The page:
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I was reading a recipe in which it was mentioned among the ingredients "8 cups of broccoli florets". Measuring by "cups" is for liquids, right? For solid ingredients, are we measuring the "weight" of the ingredient?

How to convert "8 cups of broccoli florets" into kilograms/grams?

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Good question although I suspect there is no single answer given the number of different ways you might choose to trim the broccoli (long stem, large florets or short stem, small florets). –  Chris Steinbach Jul 5 '12 at 4:11
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While you can fill a cup with broccoli, it does seem a strange tactic given all the spaces there will be between the pieces, the result will vary wildly depending on the type and trim, as Chris says. It's questions like this that make me wonder why some people use cups at all... –  Steve Jul 5 '12 at 8:14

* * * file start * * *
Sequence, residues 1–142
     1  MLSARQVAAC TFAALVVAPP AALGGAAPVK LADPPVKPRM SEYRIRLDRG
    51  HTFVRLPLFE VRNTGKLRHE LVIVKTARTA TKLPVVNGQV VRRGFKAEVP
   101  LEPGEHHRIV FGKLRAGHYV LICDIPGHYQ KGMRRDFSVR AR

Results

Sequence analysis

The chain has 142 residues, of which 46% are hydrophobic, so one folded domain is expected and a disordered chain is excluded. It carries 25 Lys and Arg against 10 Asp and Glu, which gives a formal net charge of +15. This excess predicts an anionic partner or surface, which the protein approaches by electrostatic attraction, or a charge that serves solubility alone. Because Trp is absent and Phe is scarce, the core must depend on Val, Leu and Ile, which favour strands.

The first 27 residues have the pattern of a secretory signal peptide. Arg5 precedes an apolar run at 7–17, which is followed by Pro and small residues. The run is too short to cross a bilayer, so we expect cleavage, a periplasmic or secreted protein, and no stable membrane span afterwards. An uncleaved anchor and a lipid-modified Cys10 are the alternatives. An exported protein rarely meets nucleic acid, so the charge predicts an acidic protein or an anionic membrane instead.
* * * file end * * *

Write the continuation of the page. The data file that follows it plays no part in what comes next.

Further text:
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1 Answer 1

up vote 9 down vote accepted

It's asking for exactly what it says: 8 cups of broccoli. Measuring by volume is certainly best-defined for liquids, but it works fine for solids too. It works best if you have a large measuring bowl - or just a bowl that you happen to know is around 8 cups (two quarts, about two liters). Or you can just guess by eye, knowing how much volume that is. A recipe with broccoli isn't going to fail if you're off by a bit.

(If you really prefer weight, this nutrition data says a cup chopped is 91 grams, so 8 cups might be a bit over 700 grams.)

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onlineconversion.com/weight_volume_cooking.htm works great too. –  Pat Sommer Jul 13 '12 at 6:30
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